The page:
Electrical engineer will develop next-generation x-ray technology for accessible preventative healthcare

Associate Professor of Electrical and Computer Engineering Shiva Abbaszadeh will develop an advanced, dual-layer x-ray detector for coronary artery calcification. (Photo by Carolyn Lagattuta)
The facility in Abbaszadeh's lab, which is dedicated to developing detectors based on chalcogenide alloys of the element selenium, is the only such facility in a research setting in the country to Abbaszadeh andcollaborator Adam Wang’s knowledge. (Photo by Carolyn Lagattuta)

Heart disease is a leading cause of death worldwide, and catching it early can make a significant difference for prevention of future cardiovascular events. But in many places, there is limited accessibility to technology that can detect early signs of the disease, such as coronary artery calcification (CAC), when the flow of blood through the arteries is blocked by a buildup of plaque, increasing the likelihood of a heart attack. 

Currently, detecting CAC requires CT scans which are costly, deliver large doses of radiation, and must be done in a hospital setting – but UC Santa Cruz Associate Professor of Electrical and Computer Engineering Shiva Abbaszadeh is developing a solution that will make this preventative health care much more accessible. With a new $2 million grant from the National Institutes of Health, Abbaszadeh and her collaborator at Stanford University Assistant Professor of Radiology Adam Wang will develop new technology for detecting CAC that can be easily incorporated into routine chest x-rays, the most common medical imaging procedure.

“Having an x-ray system that is easily portable can make a huge difference for some areas that might not have access to CT scans because they need a hospital environment,” Abbaszadeh said. “We can advance material decomposition and lesion differentiation of x-ray imaging.”

The novel technology will be an advanced, dual-layer x-ray detector, producing both a traditional image of the body as well as a material-specific image which, in this case, would detect calcium. Wang’s team will develop artificial intelligence algorithms to automatically detect and quantify how much calcium is present. The technology will be a drop-in solution for existing clinical procedures and doesn’t require any additional radiation or scan time.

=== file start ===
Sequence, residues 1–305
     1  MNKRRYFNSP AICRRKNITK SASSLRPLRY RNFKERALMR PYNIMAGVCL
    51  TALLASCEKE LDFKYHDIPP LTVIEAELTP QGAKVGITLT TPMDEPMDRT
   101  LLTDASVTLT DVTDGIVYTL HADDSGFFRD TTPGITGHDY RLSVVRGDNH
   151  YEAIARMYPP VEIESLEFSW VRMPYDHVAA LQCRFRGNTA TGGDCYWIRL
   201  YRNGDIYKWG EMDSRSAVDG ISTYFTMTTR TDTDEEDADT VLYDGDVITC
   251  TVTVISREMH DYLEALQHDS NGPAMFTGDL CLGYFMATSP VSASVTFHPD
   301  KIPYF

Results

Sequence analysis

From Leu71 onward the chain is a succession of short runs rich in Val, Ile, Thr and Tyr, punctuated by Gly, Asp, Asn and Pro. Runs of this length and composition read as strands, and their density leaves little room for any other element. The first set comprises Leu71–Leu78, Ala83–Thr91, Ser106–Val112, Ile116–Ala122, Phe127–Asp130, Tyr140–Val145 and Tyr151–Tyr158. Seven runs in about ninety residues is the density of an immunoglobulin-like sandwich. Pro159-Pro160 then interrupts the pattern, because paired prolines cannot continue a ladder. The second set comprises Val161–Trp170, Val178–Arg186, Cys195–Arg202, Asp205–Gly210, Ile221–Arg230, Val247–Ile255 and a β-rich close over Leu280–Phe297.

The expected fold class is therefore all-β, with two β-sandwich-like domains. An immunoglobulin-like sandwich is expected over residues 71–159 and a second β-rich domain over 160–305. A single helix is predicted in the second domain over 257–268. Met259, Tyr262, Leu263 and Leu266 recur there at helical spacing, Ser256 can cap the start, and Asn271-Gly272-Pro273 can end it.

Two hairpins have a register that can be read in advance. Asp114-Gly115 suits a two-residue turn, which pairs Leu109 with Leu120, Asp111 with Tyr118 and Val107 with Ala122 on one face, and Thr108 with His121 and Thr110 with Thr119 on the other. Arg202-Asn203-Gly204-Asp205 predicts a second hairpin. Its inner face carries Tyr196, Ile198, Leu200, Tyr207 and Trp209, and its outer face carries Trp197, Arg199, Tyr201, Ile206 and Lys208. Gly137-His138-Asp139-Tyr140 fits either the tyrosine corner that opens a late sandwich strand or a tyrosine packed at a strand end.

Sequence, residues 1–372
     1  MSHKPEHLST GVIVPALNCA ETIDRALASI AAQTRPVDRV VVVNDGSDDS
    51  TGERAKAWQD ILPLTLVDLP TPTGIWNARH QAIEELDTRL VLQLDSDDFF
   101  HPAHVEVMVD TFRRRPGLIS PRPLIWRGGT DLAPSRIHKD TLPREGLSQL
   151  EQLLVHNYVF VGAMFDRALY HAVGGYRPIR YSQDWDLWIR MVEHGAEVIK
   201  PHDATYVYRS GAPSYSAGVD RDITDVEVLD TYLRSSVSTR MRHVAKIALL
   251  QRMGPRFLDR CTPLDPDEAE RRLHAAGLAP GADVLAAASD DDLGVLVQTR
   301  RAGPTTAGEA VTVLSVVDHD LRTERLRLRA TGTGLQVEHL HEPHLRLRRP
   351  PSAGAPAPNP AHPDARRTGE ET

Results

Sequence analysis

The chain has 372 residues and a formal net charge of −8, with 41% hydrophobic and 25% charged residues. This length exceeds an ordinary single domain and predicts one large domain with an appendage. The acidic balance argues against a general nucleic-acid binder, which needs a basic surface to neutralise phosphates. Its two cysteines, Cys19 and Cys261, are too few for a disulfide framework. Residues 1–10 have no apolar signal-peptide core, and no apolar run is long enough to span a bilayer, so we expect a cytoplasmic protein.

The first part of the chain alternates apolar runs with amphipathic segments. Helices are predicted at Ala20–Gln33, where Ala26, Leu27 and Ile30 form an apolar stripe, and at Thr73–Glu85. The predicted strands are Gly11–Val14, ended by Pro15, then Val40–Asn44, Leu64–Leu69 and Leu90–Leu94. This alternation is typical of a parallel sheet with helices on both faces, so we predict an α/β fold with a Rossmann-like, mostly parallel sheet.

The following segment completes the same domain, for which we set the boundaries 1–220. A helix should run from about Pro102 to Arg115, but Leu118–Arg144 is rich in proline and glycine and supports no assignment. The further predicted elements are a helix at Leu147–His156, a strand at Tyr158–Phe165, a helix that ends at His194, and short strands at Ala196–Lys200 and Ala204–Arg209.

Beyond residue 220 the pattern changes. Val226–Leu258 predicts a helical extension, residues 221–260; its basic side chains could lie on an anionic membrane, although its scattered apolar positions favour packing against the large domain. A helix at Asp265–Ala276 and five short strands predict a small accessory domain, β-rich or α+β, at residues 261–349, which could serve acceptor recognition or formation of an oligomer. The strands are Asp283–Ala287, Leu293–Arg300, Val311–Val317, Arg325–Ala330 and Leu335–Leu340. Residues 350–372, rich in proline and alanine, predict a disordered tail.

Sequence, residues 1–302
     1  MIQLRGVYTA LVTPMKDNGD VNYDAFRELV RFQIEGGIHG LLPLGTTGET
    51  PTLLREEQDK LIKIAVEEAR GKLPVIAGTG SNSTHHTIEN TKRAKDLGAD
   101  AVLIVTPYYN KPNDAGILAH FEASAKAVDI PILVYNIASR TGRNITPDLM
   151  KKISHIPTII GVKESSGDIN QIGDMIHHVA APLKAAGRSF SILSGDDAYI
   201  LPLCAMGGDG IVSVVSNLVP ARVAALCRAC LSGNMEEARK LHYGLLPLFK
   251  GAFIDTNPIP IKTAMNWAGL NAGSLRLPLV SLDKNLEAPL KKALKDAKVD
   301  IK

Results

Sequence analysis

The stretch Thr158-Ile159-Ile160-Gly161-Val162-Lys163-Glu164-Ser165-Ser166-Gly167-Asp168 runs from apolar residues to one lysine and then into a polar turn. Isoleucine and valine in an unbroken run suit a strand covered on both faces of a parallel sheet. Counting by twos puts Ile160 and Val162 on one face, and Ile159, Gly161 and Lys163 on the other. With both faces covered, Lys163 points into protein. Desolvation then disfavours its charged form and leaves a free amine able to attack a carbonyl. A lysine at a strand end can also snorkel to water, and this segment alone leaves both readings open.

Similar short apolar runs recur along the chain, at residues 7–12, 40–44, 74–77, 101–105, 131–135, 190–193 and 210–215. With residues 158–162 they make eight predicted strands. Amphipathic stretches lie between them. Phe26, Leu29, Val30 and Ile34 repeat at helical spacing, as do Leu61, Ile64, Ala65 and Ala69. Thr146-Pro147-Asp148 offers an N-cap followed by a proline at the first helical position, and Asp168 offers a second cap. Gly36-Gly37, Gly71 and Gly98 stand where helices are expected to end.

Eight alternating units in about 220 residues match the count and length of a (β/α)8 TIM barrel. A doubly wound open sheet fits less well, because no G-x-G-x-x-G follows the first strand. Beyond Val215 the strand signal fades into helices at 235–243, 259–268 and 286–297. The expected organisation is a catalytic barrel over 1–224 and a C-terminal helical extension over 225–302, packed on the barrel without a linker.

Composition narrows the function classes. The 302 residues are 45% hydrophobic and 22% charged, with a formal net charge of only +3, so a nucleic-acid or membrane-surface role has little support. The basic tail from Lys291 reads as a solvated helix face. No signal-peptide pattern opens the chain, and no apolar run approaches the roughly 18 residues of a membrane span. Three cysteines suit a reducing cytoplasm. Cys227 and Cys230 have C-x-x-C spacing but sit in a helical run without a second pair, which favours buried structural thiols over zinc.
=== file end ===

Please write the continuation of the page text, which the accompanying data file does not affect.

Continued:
While the researchers will initially focus on CAC detection, they believe their system could be used for early detection of lung and breast cancer, tuberculosis, and other diseases.

“We are developing a technology platform by combining innovations in materials science, radiation detection, circuit design, and computation to bring new capabilities to x-ray imaging,” Abbaszadeh said. “One application is what we’ve targeted – coronary artery calcification – but the problem is much bigger and can have a wide impact.”  

To create the next-generation technology for x-ray imaging, Abbaszadeh and her students will utilize the equipment in her lab at the Baskin School of Engineering to engineer the optical and electrical properties of chalcogenide material – materials that contain one or more chalcogen elements. This facility, which is dedicated to developing detectors based on chalcogenide alloys of the element selenium, is the only such facility in a research setting in the country to Abbaszadeh and Wang’s knowledge.

A dedicated facility for detector development presents a wide range of research opportunities for Abbaszadeh’s lab, as the material has properties that are well-suited for both photodetectors, used for applications ranging from medical imaging to high-energy physics.

This collaborative project will provide exciting opportunities for students in the two researcher’s groups to be part of a larger learning environment in which they can visit each other's labs and gain experience with all facets of their technology, including hardware engineering, AI development, and the clinical setting in which their work will be put to use. 

Wang and Abbaszadeh will also collaborate with researchers at the Stanford School of Medicine, who will provide input on how to best design their systems for use in the clinical setting and provide images from real instances of CAC to train Wang’s AI models. Former Stanford instructor Martin Willemink and Stanford Professor Dominik Fleischmann provided input into the development of the project, and Fleischmann, who is the director of Stanford’s cardiovascular imaging division, will continue to lend his expertise. They will also collaborate with industry partners to demonstrate the performance of the new system.

“Between the detector physics that Shiva’s working on, and the artificial intelligence algorithms we're developing at Stanford, we’re providing better image input information but also we will have algorithms that automatically detect and quantify how much calcium there is,” Wang said. “It’s an improvement on multiple fronts.”